King Rama V (1853 – 1910) was a reformist and experienced traveller, who travelled extensively to India, Singapore and Java  before he turned 20.  So when he converted a derelict palace in Bang Pa In, Ayutthaya, to a summer palace, he did not seem to have a traditional palace complex in mind.  Instead, he restored and added new buildings inspired by different architectural styles from a Swiss chalet to a Khmer shrine. Originally built in the 17th century by King Prasat Thong of Ayutthaya Kingdom, the place was said to consist of a building and a man-made pond. It was abandoned after the fall of Ayutthaya in 1767. King Mongkut, the fourth king of the current Thai dynasty, started the project to revive the place but it was his son, King Chulalongkorn or King Rama V, who added most of the buildings. The construction lasted 17 years from 1872 to 1889. The palace has ever since been a summer palace of recent kings. It was also used to receive royal guests such as Tsar Nicolas II, Queen Elizabeth II of England, Princess Beatrix of the Netherlands, Princess Magarethe II of Denmark and Prince Akishino of Japan. Today the palace is used rarely by King Bhumibol Adulyadej (Rama IX) as a residence and for holding receptions and banquets. Situated on the bank of the Chao Phraya River opposite Wat Niwet Thammaprawat, the Bang Pa In Palace comprises a beautiful landscaped garden and several buildings built in Thai, European and oriental styles, including a Chinese-style royal palace and throne room, a royal residence, a brightly painted lookout tower and a pavilion constructed in the middle of a pond. The Bang Pa In Palace is only a walk away from the pier where the Mekhala boat picks up and drops off guests. It is worth a visit if you have one hour before or after taking the Mekhala cruise. Bang Pa-in Palace is open daily between 8.00 a.m.–5.00 p.m. Tickets are available during 8.00 a.m.–3.30 p.m. Admission is 100 Baht. Dress Code for men and women Visitors are requested to be dressed appropriately before entering the buildings in the palace.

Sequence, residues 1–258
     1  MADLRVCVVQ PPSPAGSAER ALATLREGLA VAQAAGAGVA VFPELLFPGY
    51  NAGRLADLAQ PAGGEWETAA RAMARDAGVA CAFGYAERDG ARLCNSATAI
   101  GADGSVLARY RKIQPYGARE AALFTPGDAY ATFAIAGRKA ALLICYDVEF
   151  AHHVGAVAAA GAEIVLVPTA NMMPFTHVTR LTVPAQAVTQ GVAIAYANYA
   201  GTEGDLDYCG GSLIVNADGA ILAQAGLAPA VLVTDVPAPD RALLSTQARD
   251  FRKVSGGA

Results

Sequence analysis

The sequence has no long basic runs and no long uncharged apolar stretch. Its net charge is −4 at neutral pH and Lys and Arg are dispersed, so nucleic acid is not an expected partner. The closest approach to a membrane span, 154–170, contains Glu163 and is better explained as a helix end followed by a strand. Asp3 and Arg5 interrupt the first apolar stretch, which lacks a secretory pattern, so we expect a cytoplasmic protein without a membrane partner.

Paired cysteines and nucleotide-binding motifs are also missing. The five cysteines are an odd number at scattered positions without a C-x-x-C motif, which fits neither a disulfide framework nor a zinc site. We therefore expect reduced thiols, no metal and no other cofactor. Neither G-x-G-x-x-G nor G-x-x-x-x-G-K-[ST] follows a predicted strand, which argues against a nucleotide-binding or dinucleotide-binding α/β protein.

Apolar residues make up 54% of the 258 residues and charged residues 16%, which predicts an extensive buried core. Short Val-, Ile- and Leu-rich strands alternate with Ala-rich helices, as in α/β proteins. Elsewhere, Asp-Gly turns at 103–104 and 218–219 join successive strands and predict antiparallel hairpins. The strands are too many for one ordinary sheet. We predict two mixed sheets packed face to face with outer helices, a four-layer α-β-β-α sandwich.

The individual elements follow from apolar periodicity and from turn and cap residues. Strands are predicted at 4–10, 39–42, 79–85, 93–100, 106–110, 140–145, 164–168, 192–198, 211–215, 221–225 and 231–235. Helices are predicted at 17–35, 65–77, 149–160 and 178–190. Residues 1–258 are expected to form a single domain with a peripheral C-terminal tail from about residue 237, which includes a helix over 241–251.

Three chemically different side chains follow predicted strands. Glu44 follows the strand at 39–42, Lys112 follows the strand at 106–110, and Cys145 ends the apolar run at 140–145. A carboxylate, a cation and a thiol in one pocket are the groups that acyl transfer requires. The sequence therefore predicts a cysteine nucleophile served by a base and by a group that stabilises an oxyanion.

1. Shorts, short skirts, tight fitting trousers cannot be worn as outer garments.
  2. See-through shirts and blouses, as well as or quarter length trousers cannot be worn.
  3. Sleeveless shirts or vests cannot be worn as outer garments.
  4. Sandles (without ankle or heel straps) cannot be worn.
  5. Sweat shirts and sweat pants, wind-cheaters and fisherman trousers cannot be worn.

Aisawan Thiphya-At is the only classical Thai-style building in the palace. Sitting in the middle of a pond, this beautiful spired pavilion has been designated as the archetype of the Thai pavilion (sala Thai). Inside the pavilion is a statue of King Rama V.

Phra Thinang Warophat Phiman is a Neo-Classic style one-storey mansion built in 1876 as King Chulalongkorn’s residence and throne hall. The audience chambers and anterooms are adorned with oil paintings depicting important events in Thai history and scenes from Thai literature.

Wehart Chamrun is a magnificent Chinese style mansion with ornamented tiled floors and big ebony furniture. It was built by the Chinese Chamber of Commerce and presented to King Rama V in 1889.  It was the favourite residence of King, Rama VI.

Ho Witthunthassana is a three-storey lookout tower. It has a spiral staircase leading to the top floor hall. During his stay, King Rama V used this tower for viewing the surrounding countryside